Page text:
The fort of Veliki Tabor is one of the most important cultural and historical monuments of secular architecture in continental Croatia, with a unique monumental and authentic fortification structure. Situated at the top of Mount Košnički Hum, at 333 meters above sea level, it has dominated the Zagorje area for over half a millennium, during which time the architecture has blended in with nature. The impressive view from Veliki Tabor stretches over the entire Hrvatsko Zagorje area and part of Slovenia.
This zero-category monument is one of the most recognizable identities of not only Hrvatsko Zagorje but of Croatia as a whole.
Professional opinions regarding the fort construction dates vary. Some believe that the oldest part of Veliki Tabor was built in mid-15th century, while others believe that the construction of the oldest part of the fort began as early as around 1502. The results of the conservation research that has just been completed, of the comparative architectural analysis, and of the analysis of the archaeological finds indicate that the oldest part of Veliki Tabor was built in mid-15th century.
The oldest part of the fort centre is its central part, the pentagonal castle, whose stylistic characteristics belong to the Late Gothic period. The castle is surrounded by four semi-circular Renaissance towers connected by curtain walls and the walls of the northern entrance part. The fort centre is surrounded by the outer defence wall (the distance from the easternmost to the westernmost points being about 225 metres) with a farm office, a Renaissance bastion, two semi-circular guardhouses (northern and southern), and the quadrangular entrance tower (present only on the archaeological level) through which the access road ran.
It is assumed that the palace was primarily a housing facility, but fortification elements are present, mostly for defence from cold steel, as opposed to the semi-circular Renaissance towers, used to defend the town from firearms, which is why their bases are slanted, expanded, and hard-packed with soil. Embrasures are situated in the ground-level zone, above the cordon moulding. The first floor walls, broader than those on the ground level, rest on triple stone consoles including a series of drains. In the earlier phase, embrasures were situated on the façades of the semi-circular towers, which testifies to the towers' fortification role. In the 18th century, the semi-circular towers were remodelled into housing space, the embrasures were closed, and bigger window openings were created.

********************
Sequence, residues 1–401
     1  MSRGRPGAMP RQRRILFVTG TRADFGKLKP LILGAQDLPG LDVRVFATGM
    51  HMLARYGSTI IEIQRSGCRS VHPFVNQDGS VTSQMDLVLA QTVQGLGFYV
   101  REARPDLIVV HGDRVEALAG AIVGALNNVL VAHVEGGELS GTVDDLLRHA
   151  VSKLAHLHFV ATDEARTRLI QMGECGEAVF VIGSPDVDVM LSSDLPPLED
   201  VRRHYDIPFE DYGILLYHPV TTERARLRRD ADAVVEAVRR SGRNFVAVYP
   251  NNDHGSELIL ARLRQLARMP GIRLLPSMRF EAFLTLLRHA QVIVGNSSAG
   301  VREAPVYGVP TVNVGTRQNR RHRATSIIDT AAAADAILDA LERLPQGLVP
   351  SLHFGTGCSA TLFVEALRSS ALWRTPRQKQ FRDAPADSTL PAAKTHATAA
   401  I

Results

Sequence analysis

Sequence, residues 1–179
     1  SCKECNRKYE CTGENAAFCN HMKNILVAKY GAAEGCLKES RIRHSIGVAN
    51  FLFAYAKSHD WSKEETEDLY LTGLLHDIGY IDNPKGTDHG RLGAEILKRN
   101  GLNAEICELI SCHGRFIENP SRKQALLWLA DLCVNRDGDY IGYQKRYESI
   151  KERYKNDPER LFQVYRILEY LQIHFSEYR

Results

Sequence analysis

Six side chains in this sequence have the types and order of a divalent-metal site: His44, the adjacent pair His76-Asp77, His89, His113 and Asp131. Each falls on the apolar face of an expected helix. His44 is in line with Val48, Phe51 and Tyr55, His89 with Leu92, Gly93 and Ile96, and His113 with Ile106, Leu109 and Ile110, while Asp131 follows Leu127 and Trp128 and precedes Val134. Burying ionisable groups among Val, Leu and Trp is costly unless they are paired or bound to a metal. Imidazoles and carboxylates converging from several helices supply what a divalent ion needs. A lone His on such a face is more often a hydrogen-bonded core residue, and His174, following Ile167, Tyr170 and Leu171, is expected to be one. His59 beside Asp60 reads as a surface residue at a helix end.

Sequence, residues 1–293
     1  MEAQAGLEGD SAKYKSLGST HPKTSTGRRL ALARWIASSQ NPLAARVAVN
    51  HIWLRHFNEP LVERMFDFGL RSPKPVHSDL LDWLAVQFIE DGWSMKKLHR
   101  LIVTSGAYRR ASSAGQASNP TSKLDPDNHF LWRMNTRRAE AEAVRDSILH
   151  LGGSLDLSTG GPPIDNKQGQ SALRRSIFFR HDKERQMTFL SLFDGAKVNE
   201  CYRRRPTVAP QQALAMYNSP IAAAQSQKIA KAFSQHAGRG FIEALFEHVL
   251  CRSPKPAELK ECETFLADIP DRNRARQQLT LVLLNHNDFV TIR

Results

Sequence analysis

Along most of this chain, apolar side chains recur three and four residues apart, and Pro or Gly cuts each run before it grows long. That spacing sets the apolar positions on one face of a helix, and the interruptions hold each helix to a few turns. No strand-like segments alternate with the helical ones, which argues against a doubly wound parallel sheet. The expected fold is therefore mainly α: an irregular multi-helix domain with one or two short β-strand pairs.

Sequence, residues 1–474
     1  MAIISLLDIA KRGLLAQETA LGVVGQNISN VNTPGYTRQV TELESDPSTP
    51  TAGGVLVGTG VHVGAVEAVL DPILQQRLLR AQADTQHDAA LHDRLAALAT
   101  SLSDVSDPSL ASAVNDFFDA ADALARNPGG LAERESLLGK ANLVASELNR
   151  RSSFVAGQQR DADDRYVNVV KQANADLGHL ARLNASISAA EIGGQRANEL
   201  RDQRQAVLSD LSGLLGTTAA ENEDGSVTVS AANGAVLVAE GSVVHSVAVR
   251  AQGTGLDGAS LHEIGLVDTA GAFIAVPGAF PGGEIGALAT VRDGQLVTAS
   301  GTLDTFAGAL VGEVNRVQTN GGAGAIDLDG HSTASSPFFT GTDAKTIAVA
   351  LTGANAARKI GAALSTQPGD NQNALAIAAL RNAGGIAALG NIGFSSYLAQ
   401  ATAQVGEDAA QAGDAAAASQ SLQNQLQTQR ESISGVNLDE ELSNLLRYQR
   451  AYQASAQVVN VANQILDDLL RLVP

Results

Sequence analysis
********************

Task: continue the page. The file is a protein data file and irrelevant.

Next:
On the courtyard side, the semi-circular towers are connected by an arcade porch with slender Tuscan pillars and semi-circular arches of Renaissance characteristics. A stone bridge spans from the first floor of the porch at the south tower to the castle entrance.
It is assumed that Fridrik II Celjski [Frederick II of Celje] (1378-1454) had the castle built, while his successor Ivan Vitovec (?-1468) launched the construction of the western and eastern semi-circular Renaissance towers.
The Rattkay family ruled the fort the longest (1502-1793).
Juraj Rattkay Velikotaborski (1612. – 1666.)
Having arrived in Hrvatsko Zagorje, they expanded their estate and increased their wealth. They were involved in many social, political, and cultural events, and many of them took part in the battles against Ottomans in the course of the 16th and the 17th centuries, building their careers as commanders in the Croatian Military Border. In 1559, the Rattkays were awarded baronetcy, becoming one of the most powerful aristocratic families in Croatia.
Juraj Rattkay (1613-1666), canon and chronicler, was one of the best known Rattkays. His Memoriae Regum et Banorum Regnorum Dalmatiae, Croatiae et Sclavoniae was published in Vienna in 1652. Rattkay missionaries -- Nikola (1601-1662) in India and Ivan III Adam (1647-1683) in Mexico -- are also well known.
In addition to making changes to Veliki Tabor, the Rattkays also built Mali Tabor and Miljana castles as well as the castle in Velika Horvatska. They made considerable donations to construction of sacral facilities (parish churches in Vinagora, Taborsko, and Prišlin).
When Josip Ivan Rattkay died in 1793 without a male heir, Veliki Tabor was placed under the management of the Hungarian Chamber. In the course of the 19th century, the fort was managed by several different owners and it gradually fell into disrepair. During World War I, it was used as a prison. In 1919, painter Oton Iveković bought the castle at an auction, planning to save it from ruin. Due to financial difficulties, however, in 1938 Iveković was forced to sell the fort to the Civil Administration, which consigned it to the Society of Sisters of Mercy of the Third Order of St. Francis. Reverend Ivan Vukina, the parish priest of Vinagora, who advocated the nuns opening an orphanage and a domestic-science school, was appointed the fort's provisional administrator. The repair and renovation costs in the period between 1938 and 1943 were covered by the Banate through Reverend Vukina. When the nuns left in November 1945, the fort became people's property and for years was used for inappropriate purposes (as a meat smokery and a warehouse of Desinić Agricultural Cooperative). In the 50-year period between 1945 and 1995, urgent repair work was occasionally done on the most dilapidated parts of Veliki Tabor, financed by the then republican ministry of culture.
In the late 1980s, Josip Štimac launched the revitalization of Veliki Tabor with a series of activities, such as knight tournaments, visual arts colonies, and falconry.
In 2003, Muzeji Hrvatskog Zagorja museums took over the management of Veliki Tabor. Archaeological and conservation research was soon launched, as was reconstruction work, which was financed by the Ministry of Culture of the Republic of Croatia under the professional guidance and supervision of the Croatian Conservation Institute in Zagreb.